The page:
Recycling crisis looms, disposal companies warn

Posted by on June 4, 2018
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Canada’s recycling has followed the same pattern for decades: China takes the country’s recycled electronics, plastic, paper, and other materials, and turns them into new goods that are then sold around the world. But the times are changing in China, causing a recycling bottleneck that threatens to change the recycling process for people across North America.

Contamination & Recycling Crisis

China’s New Regulations

China is changing the policies regarding what materials its recycling plants can accept. Some recycling plants are being closed down entirely. Others are having their processing methods improved, and the country is banning external contaminants like glass in its recycling plants.

The increased regulations on recycling plants are arguably a good thing. However, the result is that the items that qualify for recycling in North America are rapidly changing. Instead of your recycled trash on the curb being sent to a plant in China, it’ll be brought to a different place.

At the beginning of the recycling relationship between the United States and China three decades ago, China was in need of the raw materials collected from recycling. For multiple different reasons, China no longer needs the same types of raw materials. This leaves disposal companies and regulatory authorities scrambling to find a new route for the recycling process.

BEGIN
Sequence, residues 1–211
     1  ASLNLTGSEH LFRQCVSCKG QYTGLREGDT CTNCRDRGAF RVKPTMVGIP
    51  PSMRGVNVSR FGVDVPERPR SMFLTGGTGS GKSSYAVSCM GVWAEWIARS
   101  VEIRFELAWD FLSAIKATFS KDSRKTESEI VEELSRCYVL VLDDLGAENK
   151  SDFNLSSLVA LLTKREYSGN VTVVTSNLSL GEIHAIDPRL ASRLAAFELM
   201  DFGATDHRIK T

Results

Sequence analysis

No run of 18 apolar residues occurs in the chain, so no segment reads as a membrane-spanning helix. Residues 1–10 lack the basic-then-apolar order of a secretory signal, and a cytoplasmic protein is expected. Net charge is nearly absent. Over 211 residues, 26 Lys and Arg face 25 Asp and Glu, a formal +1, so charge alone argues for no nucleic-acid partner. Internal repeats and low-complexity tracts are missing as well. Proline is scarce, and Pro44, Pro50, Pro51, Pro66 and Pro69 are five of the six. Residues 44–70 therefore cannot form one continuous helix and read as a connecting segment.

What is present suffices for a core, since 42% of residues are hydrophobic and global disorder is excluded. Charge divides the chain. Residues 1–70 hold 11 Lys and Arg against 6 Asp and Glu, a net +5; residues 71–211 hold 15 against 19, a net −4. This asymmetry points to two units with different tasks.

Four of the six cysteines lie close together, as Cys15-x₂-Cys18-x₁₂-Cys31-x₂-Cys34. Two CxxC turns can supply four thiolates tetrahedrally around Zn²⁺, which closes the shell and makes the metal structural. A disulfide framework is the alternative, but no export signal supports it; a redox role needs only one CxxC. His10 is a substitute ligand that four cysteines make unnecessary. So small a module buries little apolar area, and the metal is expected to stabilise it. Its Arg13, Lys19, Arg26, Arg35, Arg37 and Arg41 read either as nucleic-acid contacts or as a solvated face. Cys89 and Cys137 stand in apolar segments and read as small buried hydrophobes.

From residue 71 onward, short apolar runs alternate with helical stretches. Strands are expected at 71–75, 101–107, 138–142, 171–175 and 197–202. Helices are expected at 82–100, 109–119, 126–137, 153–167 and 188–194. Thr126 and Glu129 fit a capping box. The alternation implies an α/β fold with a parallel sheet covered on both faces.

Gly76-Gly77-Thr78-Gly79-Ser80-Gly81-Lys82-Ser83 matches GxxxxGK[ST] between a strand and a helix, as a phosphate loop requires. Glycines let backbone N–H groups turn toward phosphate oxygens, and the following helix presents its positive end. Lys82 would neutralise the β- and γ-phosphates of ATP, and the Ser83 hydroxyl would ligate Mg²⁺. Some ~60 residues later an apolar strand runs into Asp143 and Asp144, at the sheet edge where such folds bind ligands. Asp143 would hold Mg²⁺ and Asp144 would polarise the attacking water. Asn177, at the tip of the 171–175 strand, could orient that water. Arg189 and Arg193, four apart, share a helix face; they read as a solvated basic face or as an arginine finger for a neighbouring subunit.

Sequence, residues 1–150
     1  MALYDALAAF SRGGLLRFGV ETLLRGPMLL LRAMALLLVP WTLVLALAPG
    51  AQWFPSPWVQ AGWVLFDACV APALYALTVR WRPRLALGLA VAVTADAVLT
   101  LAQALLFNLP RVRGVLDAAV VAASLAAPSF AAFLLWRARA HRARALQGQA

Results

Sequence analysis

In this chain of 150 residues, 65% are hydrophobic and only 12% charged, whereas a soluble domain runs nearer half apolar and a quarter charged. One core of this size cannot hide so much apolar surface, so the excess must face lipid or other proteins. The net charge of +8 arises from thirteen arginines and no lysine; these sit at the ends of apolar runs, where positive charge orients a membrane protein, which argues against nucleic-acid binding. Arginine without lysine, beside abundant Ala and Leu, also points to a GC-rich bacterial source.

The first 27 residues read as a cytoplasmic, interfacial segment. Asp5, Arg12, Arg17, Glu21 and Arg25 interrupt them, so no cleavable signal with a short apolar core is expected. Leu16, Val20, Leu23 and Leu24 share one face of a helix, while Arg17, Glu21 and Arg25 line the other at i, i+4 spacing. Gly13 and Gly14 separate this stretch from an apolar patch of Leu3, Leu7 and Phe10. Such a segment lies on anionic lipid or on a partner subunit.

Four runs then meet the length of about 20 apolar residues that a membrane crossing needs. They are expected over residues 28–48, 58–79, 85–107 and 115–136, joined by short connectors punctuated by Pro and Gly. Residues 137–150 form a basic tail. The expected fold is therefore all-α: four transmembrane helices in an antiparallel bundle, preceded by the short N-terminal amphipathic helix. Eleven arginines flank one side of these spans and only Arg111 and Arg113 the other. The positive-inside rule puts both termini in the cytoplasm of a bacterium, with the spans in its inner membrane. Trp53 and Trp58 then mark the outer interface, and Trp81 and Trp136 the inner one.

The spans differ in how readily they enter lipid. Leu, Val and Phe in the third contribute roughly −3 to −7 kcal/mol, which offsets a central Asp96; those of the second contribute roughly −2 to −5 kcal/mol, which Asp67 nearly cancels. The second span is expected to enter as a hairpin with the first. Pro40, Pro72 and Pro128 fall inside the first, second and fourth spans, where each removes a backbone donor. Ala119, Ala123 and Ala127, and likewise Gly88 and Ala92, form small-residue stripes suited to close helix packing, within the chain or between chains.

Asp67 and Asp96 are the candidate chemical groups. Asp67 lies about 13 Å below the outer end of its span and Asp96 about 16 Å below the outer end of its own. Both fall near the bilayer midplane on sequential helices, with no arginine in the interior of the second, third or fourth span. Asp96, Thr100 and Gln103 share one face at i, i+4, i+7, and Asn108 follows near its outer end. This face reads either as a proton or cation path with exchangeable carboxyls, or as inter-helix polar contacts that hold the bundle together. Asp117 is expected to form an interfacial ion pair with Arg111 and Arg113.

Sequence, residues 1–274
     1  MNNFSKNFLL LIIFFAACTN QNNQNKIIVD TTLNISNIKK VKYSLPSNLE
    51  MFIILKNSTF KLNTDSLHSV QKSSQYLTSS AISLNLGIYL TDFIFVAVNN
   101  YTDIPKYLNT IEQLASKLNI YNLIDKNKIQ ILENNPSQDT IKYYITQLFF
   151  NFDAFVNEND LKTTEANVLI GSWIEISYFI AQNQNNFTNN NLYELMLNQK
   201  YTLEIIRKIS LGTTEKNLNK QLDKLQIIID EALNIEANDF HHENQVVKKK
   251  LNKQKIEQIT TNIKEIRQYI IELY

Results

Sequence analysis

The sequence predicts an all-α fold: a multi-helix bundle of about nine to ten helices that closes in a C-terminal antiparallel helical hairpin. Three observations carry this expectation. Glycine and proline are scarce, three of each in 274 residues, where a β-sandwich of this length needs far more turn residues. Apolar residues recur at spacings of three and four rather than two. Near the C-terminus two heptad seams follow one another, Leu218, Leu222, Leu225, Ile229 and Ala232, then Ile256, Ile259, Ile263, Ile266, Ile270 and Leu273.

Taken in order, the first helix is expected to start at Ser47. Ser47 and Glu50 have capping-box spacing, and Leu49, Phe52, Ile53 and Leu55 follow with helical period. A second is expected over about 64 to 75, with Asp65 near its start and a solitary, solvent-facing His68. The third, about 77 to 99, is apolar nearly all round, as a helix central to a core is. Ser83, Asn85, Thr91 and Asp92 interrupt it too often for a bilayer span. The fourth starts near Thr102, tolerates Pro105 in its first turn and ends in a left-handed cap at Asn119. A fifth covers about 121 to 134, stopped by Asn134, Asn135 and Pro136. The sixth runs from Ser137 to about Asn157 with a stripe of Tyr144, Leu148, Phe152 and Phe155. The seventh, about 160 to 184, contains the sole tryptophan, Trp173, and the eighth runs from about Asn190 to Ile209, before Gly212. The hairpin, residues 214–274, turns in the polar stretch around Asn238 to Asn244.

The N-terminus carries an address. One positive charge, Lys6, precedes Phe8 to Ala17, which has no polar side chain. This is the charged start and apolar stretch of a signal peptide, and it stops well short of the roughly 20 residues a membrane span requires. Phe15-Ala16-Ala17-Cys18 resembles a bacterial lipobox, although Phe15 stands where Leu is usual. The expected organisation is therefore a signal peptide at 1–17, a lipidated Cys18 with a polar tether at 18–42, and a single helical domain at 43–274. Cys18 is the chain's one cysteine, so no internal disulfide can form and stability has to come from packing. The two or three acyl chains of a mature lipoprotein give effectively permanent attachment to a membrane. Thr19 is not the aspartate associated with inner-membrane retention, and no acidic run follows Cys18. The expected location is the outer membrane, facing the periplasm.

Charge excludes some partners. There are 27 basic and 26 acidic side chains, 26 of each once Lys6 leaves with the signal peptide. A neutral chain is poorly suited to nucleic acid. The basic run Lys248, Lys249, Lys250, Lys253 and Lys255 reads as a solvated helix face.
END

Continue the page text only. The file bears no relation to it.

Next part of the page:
Recycling is China’s sixth-largest import type from the United States, but the country is taking steps to reduce its own environmental concerns. The World Trade Organization was notified in July that Beijing planned to ban importing twenty-four different varieties of recyclables and solid waste. These include unsorted paper, unsorted metals, and different plastic types that typically come from the United States. This ban on materials is a small piece of the broader Chinese program “Operation Green Fence,” which has an overall aim to reduce the importation of waste and contamination of recyclable materials throughout the country.

The Potential Crisis

According to disposal companies in Canada and the United States, the changes in China’s policies will have widespread environmental ramifications across North America. In particular, the West Coast has the potential to be affected. Because China no longer accepts certain types of items, these communities may have to redefine the types of materials that are recyclable.

For example, Newberg and Oregon City used to recycle cardboard, but they’ve long since been demolished or resold. There is very little recycling infrastructure in either the United States or Canada. North American countries have become highly dependent on China’s recycling programs as their way of reducing their own waste. Without China’s help, these countries will need to build their own recycling infrastructure. But doing so could take years, warn experts.

There are other opportunities for the exportation of recycled waste available both to the United States and Canada. But none of them can compare to the amount of recycled waste that China previously took. The bulk of recycled material was previously sent to China because of the country’s large number of manufacturing plants, which could find a way to recycle huge amounts of waste.

The History of Recycling Contamination